Describing a healthcare policy as a Trojan Horse is nothing new:
  • US Democratic presidential hopeful John Edwards's healthcare platform includes a "laudable" Trojan Horse that could undermine private insurers' plans and introduce greater government-financed healthcare, wrote Timothy Noah of Slate last month.
  • On the other side of the political spectrum, in 2005 an American blogger called then-Arkansas governor and current Republican presidential hopeful Mike Huckabee's requirement to measure schoolchildren's BMI a Trojan Horse that could lead to wider, "intrusive" government involvement in healthcare.
  • In California, Arnold Schwarzenegger's universal coverage plan was recently accused of being a Trojan Horse that would increase the price of health insurance premiums for families.
  • Wal-Mart's announcement last year that it would participate in a "big employers" EHR plan is a "perfect" Trojan Horse that could improve American health delivery overall, wrote a University of California at Berkeley School of Information professor.
  • And, last but not least, Ralph Klein himself is a Trojan Horse, according to a 2005 book put together by the University of Alberta's Parkland Institute.


First photo: Thunder Bay Chronicle Journal
Second photo: "Troy" movie still

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Canada (nearly) ready to export first cheap AIDS drugs to Africa

After three years of bureaucratic paralysis, the first pharmaceutical agreement has finally been made under Canada's Access to Medicines Regime (CAMR), a WTO-associated program intended to provide any inexpensive AIDS drugs to Africa by coordinating distribution of generic versions of patent-protected medications.

Rwanda requested July 17, via the WTO's 31f Agreement of its TRIPS intellectual property treaty, that Canada supply 18 million Apo-triAvir tablets, reported the Toronto Star. The drug's generic manufacturer Apotex needed permission from Boehringer Ingelheim (Canada) Ltd and GlaxoSmithKline Inc. Boehringer agreed July 25 and now, with GSK's approval announced today, the shipment will go ahead.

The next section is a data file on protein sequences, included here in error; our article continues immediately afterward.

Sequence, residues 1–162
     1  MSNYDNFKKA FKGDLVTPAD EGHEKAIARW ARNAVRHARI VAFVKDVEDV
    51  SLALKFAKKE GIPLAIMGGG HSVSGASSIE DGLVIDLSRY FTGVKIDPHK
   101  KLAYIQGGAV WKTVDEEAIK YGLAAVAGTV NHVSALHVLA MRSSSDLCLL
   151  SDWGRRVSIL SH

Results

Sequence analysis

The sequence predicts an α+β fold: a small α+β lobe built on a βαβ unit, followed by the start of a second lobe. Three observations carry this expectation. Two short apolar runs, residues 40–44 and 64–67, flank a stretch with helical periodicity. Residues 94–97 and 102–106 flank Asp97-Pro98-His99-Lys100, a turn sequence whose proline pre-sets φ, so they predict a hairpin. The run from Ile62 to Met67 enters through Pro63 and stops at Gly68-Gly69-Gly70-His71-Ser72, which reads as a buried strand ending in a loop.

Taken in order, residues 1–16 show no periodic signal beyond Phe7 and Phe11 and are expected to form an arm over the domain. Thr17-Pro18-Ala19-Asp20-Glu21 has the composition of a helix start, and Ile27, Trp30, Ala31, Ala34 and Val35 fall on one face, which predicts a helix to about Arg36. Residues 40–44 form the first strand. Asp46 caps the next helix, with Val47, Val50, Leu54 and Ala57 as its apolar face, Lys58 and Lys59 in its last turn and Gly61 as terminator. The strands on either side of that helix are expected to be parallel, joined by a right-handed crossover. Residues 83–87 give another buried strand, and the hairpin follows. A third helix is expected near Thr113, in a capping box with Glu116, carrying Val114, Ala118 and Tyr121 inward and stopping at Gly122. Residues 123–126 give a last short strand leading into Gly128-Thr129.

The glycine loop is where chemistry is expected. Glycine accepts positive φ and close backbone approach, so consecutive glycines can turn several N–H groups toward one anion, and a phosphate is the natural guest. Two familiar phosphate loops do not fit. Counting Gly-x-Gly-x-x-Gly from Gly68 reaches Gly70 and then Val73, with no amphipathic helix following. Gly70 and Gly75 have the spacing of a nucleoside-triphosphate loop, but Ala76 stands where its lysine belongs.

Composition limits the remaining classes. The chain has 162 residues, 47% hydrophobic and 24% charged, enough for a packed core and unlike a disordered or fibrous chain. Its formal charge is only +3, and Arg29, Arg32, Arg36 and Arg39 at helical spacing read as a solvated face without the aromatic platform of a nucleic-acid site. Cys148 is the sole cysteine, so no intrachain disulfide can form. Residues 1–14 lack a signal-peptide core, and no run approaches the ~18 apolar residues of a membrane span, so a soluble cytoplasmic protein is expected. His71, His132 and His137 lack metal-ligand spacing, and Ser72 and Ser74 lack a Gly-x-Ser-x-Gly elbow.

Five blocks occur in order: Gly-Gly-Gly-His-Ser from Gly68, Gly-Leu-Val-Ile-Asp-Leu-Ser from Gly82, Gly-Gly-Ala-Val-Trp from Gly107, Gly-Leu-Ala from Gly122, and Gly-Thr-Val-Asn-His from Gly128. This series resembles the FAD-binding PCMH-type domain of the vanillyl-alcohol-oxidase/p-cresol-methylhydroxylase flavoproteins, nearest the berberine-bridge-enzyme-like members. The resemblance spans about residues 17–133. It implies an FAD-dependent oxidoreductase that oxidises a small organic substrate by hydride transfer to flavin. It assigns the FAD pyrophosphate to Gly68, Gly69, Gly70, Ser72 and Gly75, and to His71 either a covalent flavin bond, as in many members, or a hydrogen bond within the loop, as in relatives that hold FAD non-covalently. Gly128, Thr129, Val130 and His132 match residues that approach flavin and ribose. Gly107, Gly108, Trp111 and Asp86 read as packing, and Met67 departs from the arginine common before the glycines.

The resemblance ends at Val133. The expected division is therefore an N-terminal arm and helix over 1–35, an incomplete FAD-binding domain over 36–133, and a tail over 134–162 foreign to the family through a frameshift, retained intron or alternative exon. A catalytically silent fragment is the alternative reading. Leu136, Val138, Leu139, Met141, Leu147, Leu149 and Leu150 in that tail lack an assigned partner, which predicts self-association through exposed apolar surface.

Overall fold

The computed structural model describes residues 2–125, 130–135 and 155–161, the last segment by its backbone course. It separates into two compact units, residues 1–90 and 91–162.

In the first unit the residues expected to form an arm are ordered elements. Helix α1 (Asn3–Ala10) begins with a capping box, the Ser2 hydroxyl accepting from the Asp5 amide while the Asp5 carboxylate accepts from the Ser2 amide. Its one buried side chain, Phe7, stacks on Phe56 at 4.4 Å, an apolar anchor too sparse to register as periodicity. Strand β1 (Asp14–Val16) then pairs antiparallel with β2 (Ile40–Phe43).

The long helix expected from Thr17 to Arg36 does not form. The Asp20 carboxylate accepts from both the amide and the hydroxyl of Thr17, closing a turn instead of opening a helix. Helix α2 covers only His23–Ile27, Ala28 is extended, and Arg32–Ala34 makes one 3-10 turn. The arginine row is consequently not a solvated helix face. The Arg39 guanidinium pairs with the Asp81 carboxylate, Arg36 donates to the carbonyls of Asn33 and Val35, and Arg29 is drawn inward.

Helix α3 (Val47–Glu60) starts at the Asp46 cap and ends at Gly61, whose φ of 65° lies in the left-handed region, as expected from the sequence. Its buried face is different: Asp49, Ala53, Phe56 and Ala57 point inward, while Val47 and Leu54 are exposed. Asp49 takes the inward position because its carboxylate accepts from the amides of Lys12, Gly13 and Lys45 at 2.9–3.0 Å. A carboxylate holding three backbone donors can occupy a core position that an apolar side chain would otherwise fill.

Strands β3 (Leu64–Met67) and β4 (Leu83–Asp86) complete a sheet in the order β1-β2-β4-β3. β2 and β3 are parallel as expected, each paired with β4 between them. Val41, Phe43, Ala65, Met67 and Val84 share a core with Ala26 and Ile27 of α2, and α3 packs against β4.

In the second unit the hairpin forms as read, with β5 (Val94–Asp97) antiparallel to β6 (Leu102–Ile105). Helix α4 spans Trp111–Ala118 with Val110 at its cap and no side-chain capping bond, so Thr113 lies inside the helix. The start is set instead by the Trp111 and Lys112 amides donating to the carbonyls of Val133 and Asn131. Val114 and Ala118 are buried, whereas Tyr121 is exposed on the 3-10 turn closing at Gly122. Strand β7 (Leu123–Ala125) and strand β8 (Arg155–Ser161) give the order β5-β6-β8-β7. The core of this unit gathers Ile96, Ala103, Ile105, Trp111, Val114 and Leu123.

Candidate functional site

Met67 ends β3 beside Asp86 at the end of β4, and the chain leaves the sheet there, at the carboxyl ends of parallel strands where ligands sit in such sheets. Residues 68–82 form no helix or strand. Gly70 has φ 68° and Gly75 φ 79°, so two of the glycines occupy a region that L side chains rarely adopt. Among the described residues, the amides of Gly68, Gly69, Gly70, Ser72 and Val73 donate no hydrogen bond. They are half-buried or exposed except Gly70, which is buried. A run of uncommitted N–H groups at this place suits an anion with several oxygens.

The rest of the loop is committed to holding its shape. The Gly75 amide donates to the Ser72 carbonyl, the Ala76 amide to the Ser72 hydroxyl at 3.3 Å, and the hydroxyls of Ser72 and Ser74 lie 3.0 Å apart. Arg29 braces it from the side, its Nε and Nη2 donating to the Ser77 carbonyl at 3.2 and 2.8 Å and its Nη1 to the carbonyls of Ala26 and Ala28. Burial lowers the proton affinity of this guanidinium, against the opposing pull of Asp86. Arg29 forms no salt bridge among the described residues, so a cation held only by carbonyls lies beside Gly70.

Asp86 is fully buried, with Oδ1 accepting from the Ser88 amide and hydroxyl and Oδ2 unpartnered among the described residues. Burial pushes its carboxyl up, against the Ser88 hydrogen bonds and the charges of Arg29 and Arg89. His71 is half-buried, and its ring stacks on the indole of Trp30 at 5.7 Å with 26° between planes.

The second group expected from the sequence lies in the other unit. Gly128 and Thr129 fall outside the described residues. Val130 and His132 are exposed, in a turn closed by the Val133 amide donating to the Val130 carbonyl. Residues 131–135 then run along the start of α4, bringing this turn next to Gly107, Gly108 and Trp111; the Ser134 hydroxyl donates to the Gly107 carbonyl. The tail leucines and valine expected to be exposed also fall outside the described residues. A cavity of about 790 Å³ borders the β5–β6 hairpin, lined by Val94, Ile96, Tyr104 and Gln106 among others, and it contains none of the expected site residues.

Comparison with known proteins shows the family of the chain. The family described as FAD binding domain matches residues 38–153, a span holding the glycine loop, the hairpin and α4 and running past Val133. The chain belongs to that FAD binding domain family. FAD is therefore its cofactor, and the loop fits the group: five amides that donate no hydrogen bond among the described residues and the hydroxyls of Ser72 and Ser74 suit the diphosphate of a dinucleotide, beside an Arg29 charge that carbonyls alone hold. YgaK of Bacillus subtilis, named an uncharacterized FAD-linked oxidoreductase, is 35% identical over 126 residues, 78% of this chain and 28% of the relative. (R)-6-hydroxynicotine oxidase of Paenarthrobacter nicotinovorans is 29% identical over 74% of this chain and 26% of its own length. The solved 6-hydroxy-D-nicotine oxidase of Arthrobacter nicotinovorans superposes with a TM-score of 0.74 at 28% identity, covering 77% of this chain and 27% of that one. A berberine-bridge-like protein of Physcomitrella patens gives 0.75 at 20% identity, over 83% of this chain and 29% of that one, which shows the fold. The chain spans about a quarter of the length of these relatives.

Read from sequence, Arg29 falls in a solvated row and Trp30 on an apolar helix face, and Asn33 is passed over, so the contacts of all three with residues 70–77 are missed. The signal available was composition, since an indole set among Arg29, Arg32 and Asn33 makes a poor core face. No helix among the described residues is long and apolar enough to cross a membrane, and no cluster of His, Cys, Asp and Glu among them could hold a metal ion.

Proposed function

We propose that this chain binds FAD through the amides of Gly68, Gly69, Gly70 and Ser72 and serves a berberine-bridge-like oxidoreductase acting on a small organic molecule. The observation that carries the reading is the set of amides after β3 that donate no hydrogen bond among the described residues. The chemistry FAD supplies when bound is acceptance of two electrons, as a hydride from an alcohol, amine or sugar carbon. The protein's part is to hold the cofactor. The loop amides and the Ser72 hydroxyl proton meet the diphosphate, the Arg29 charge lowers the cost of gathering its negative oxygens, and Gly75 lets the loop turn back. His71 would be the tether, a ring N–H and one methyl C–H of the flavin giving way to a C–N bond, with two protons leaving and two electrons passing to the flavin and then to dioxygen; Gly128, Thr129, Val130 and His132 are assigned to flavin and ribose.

CAMR has faced serious criticisms for its failure to export any drugs since its formation in 2004. Federal health minister Tony Clement (left, with Stephen Harper) ordered a full review of the program at last year's International AIDS Conference in Toronto. The Star reports parliamentary hearings won't begin on the matter until mid-September at the earliest.

For a backgrounder on the issues, check out this NRM story from last year.

Photo: www.harperindex.ca

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Tuesday, August 7, 2007

Does Accutane prove vanity trumps good sense?

Tight FDA controls on isotretinoin (Accutane) prescribing have failed to reduce the number of pregnancies in women on the acne drug. Isotretinoin, a vitamin A derivative, carries a 35% risk of severe birth defects. The drug is indicated for severe cystic acne, but is commonly prescribed for mild cases.

A year ago, concerned by the high number of women becoming pregnant while taking isotretinoin, the FDA required patients, physicians and pharmacists to enrol in its iPledge program. This includes receiving and understanding detailed information about the drug and its side effects and, for premenopausal women, taking birth control and passing pregnancy tests before each refill. After a year, the number of pregnancies remained constant at about 120.

The FDA data doesn't know why the pregnancies occurred. Although all childbearing-age women were supposed to be using two forms of birth control, only 90% of the pregnant women were. Seventy-two percent say they were on the pill and using male condoms; an astonishing 18% cited "abstinence" as their birth control method. The remaining 10% aren't accounted for, although the FDA reported that two women, who were pregnant when they started on the drug, had prescribers falsify their pregnancy tests to get access to Accutane.